Autumn Statement: Could East Anglia gain from £23bn productivity fund?

Manufacturing staff working on an assembly line in Felixstowe.

Manufacturing staff working on an assembly line in Felixstowe. - Credit: Archant

Productivity is the key driver behind the chancellor's economic promises – prompting business leaders across East Anglia to start preparing their case for a share of the available cash.

Mr Hammond said the UK was suffering a 'shocking' productivity gap, lagging behind countries including Germany, where a worker takes four days to produce what a British worker makes in five.

The Treasury said if productivity was raised by 1% a year, within a decade it would add £240bn to the UK economy – £9,000 for every household.

Among the measures announced by Mr Hammond was a £23bn National Productivity Investment Fund to be spent on innovation, research, housing, roads and digital infrastructure projects over the next five years.

There was also £1bn to 'catalyse private investment' in fibre broadband networks and 5G mobile internet trials, and £400m released into venture capital funds through the British Business Bank, unlocking £1bn of new finance for growing start-up firms. It follows the extra £2bn of research and development funding announced earlier in the week.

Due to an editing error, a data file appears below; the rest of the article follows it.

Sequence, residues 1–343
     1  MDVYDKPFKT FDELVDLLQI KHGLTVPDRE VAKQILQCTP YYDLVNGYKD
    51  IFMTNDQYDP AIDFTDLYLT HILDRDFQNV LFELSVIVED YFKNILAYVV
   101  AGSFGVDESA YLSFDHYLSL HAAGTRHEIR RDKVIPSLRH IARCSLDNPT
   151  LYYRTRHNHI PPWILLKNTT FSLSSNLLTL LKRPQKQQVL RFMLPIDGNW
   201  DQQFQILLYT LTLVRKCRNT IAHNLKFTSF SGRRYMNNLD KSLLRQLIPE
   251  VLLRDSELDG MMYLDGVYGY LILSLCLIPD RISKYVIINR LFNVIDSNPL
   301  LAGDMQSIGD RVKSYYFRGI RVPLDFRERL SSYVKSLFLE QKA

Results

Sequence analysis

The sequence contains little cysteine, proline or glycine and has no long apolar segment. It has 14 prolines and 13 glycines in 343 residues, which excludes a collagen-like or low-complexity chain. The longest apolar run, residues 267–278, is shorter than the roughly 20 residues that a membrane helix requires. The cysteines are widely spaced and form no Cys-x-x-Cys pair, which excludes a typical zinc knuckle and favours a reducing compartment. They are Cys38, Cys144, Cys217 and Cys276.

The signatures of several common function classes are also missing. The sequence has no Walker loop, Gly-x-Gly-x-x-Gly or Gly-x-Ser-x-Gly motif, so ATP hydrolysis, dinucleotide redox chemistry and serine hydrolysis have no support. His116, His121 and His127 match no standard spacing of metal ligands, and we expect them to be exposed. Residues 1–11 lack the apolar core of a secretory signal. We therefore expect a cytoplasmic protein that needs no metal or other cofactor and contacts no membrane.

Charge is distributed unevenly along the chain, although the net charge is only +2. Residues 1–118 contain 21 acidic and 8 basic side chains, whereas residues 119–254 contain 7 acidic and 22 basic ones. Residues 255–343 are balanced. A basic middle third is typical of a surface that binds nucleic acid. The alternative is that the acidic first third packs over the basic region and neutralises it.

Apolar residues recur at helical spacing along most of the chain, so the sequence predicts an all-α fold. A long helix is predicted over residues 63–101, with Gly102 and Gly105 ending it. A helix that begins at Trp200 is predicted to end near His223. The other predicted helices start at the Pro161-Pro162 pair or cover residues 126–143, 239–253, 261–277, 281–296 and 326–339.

Business leaders now await the details of exactly how and where this money will be spent.

Caroline Williams, chief executive of the Norfolk Chamber of Commerce, said: 'We welcome much of what is in the chancellor's statement. However, at this point we have no idea how successful Norfolk will be in ensuring significant funding to be spent in our county.

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'Norfolk businesses will benefit from improved infrastructure, so the announced increased resources for local and regional transport infrastructure, broadband, housing and innovation is welcome and will hopefully boost local business confidence. The chancellor's strong focus on the growth requirements of cities and regions will mean that the business voice within a rural county like Norfolk will need to be heard loud and clear.'

Mr Hammond's speech also confirmed £542m would be allocated to Local Enterprise Partnerships (LEPs) in the East of England and the Midlands – although the detailed breakdown of these allocations has yet to be published.

New Anglia LEP's managing director, Chris Starkie, said the £23bn productivity fund included a 'science and innovation audit' for the east which could identify targets for funding.

He said: 'This audit will better inform central government of our region's strength for potential future funding streams, and assist with foreign direct investment. It's a huge vote of confidence in the world class work in life sciences, agri-tech, advanced engineering and manufacturing, and information and communications technology already taking place here.'

Cliff Jordan, leader of Norfolk County Council, added: 'We'll be watching closely as the details come out in the next few days. However, we will certainly be making our case for any extra funding that's available for Norfolk's infrastructure.'

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